How does the class system in the U.S. resemble and differ from a caste system?
While the antecedents of class -- less a system than an outcome of circumstances -- created conditions that some might categorize as similar to a caste system, the two are vastly different. The continuing existence of ethnic minority underclasses can be directly linked to histories of slavery and institutionalized racism, such as existed in the United States for almost two hundred years. In that respect, the distinction between class and caste can be blurred. The crucial difference, however, lies in the extent to which a caste system institutionalizes class differences. In other words, in the United States, representatives of historically economically underserved minorities can and do aspire to higher socioeconomic status. And, since the civil rights changes of the 1960s, they are much more free to do so, evidenced in the constantly growing African-American middle class, as well as in the growth of African American representation in elected offices.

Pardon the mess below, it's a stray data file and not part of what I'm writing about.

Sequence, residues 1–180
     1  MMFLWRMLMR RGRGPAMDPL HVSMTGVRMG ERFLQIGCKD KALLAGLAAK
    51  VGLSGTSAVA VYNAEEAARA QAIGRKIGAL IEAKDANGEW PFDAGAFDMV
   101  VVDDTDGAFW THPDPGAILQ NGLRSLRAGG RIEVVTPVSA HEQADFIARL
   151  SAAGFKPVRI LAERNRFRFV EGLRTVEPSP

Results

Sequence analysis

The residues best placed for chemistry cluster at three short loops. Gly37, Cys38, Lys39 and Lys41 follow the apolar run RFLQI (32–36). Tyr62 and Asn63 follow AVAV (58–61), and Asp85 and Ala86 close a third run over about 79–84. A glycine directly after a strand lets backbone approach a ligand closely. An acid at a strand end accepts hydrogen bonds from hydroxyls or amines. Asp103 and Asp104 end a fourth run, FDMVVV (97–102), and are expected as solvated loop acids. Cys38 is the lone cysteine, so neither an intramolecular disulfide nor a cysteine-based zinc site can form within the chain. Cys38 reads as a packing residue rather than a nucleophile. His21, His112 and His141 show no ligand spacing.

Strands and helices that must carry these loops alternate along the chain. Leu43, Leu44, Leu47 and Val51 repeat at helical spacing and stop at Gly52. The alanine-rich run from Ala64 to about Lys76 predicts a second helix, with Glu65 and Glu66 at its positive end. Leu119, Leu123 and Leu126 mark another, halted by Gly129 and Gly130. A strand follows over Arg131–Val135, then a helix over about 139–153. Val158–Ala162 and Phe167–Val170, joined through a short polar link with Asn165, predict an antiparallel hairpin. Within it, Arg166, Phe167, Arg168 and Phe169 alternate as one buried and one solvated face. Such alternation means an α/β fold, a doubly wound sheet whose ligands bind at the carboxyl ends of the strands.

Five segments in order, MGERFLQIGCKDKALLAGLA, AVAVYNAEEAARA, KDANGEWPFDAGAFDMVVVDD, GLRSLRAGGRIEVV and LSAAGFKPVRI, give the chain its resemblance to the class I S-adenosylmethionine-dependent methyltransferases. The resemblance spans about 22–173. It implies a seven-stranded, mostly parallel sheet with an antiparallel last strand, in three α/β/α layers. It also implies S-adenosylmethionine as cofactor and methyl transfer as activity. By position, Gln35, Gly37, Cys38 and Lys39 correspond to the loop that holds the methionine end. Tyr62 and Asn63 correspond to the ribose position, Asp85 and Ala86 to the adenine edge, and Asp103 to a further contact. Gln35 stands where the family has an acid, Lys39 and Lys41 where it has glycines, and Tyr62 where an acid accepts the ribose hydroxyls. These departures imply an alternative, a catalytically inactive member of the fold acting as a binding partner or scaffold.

A caste system, in contrast, condemns those born to the lower strata of society to a lifetime of economic destitution. More than class in a free market democratic society like the United States, a caste system such as exists in India, Pakistan and other countries in South Asia is based on factors like clan, tribal and ethnic traditions (for example, arranged marriages within one's socioeconomic class) and hereditary factors. One is expected to remain in one's class by virtue of genetics and tradition. Caste systems, depending upon the country, can be rigidly enforced through laws designed to limit mixing of classes or, absent law, by tribal or clan customs that prohibit such interactions, often punishing transgressions with violent punishments.